The independence lets me be in complete control. There’s no one telling me what to do. It’s a nice way to stay motivated. I think this is probably the best and worst time in my life—I’m hopefully the most broke I’ll ever be, but it’s also the only time I’ll be able to do whatever I want to do.
Your music incorporates a variety of genres and you obviously listen to a wide range of artists. Who are some artists you’ve been listening to lately?
A lot of jazz, like Duke Ellington. And also some hip hop stuff. Chicago has a great hip-hop scene right now—up-and-coming guys like Chance the Rapper and Tree.
At your concerts, you put on a pretty elaborate performance. When you’re writing a song for an album, do you take into account how it will translate into a live show?
I didn’t think that way during 50 Songs 50 States project. P3ace is an album that I’m planning on releasing later this year. It’s my first studio album and I’m already playing a lot of the songs live, so I knew how they’d be played live when they were being recorded. The biggest thing is the vocals, trying to replicate the way my live vocals sound in the studio.
Your bandcamp has almost 70 tracks available for download with quite a few more from 50 Songs 50 States on the way. What is it about your writing/recording process that allows you to release material so consistently often?
I record everything myself, and I really just focus on music. All I do is tour and make music.
Best bar in Chicago?
I like the Whistler; the guys that run that place are great. Café Mustache puts on some great shows, and also Cole’s. All of the bars that are able to have free shows are awesome; they’re able to really promote the Chicago music scene.
You’ve done residencies in Chicago, Austin, and New Orleans; what is it like to play at the same venue for an extended period of time as opposed to touring from place to place?
Playing a residency is really nice because there’s a lot less pressure. When you’re on tour you only have one shot to make an impression on a crowd, but if you have multiple nights to play with different bands, they’re able to bring out their friends and introduce your music to a larger audience. That’s what touring is about—developing yourself with a group of people who aren’t familiar with you.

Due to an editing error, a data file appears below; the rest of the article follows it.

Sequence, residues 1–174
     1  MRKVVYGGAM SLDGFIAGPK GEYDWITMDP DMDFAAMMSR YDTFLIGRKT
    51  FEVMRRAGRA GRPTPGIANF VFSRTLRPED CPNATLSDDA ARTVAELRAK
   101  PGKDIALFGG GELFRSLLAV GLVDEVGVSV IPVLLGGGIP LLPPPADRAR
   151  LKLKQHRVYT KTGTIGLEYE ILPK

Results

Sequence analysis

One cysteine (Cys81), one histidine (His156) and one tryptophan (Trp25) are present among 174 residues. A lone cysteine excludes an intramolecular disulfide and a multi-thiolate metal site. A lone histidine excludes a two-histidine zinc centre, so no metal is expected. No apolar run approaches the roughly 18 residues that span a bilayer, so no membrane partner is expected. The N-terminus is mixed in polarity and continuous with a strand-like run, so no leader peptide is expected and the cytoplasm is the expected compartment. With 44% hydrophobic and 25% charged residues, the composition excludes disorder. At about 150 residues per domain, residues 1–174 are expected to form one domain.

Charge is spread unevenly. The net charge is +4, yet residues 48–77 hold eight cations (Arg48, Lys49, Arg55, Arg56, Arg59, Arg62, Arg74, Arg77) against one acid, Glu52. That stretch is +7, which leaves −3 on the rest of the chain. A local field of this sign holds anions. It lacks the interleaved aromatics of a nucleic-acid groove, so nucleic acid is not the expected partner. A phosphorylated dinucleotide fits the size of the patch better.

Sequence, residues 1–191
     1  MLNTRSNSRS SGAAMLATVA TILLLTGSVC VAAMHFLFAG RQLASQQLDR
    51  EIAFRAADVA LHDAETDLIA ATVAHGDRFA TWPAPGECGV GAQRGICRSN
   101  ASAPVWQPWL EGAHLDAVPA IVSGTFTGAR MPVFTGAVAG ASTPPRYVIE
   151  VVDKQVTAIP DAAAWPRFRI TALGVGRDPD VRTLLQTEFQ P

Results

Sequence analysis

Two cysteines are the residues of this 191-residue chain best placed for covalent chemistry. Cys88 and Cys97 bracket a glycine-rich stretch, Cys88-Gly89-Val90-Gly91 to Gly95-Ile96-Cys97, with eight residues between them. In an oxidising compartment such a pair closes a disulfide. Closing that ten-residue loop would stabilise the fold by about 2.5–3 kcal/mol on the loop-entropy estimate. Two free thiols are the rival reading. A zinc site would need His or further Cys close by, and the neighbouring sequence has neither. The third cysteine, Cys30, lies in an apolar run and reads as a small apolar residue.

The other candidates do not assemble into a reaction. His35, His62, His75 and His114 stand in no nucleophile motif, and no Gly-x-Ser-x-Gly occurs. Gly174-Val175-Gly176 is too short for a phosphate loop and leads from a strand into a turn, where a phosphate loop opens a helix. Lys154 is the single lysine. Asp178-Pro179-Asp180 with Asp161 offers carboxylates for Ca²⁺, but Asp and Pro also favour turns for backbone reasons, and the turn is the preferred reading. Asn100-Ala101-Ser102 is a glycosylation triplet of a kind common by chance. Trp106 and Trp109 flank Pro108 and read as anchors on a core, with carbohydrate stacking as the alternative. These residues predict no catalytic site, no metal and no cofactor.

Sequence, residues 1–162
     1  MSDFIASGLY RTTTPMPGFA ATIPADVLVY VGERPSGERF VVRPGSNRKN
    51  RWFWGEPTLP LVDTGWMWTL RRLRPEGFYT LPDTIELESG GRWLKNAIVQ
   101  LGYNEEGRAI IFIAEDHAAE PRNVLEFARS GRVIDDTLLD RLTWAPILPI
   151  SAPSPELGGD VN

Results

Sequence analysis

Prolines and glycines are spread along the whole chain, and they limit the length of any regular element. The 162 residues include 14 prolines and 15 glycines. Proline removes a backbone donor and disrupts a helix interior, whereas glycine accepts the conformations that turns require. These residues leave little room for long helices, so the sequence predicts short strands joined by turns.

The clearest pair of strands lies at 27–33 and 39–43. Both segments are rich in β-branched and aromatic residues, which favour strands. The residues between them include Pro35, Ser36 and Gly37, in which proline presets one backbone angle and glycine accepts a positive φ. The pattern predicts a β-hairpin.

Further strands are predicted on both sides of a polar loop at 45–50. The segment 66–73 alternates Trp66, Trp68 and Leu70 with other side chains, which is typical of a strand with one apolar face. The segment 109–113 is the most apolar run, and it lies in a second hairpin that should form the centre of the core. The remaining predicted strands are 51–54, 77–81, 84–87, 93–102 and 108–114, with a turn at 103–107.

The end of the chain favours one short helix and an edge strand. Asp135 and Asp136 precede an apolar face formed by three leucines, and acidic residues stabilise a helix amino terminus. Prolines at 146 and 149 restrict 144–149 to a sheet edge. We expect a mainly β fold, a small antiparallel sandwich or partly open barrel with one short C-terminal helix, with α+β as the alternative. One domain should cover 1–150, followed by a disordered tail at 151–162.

Not only have you played shows in all 50 states, but you’ve also played in Europe and made appearances at some pretty notable festivals, like South by Southwest and Pitchfork; with so much touring experience, what are some performances that stand out in your mind?
Pitchfork was a great experience, and all of Europe was amazing. I also remember playing a house show in Richmond, Virginia that was packed with people stoked to see us—this was when I was playing with a band. My solo set is as tight as it’s ever been right now, so these recent shows in Chicago have been great, too.
In a Windy City Rock interview from about 3 years ago when you were 34 states along in 50 Songs 50 States, you spoke about how fun the project was and you said “Maybe [I’ll] do it again next year if I want to.” Can we expect another 50 Songs 50 States?
No way. [laughs]
What can we expect from Netherfriends in the future?
I’ve already made P3ace. I don’t know when its coming out or who’s releasing it, but I’m really looking forward to sharing that.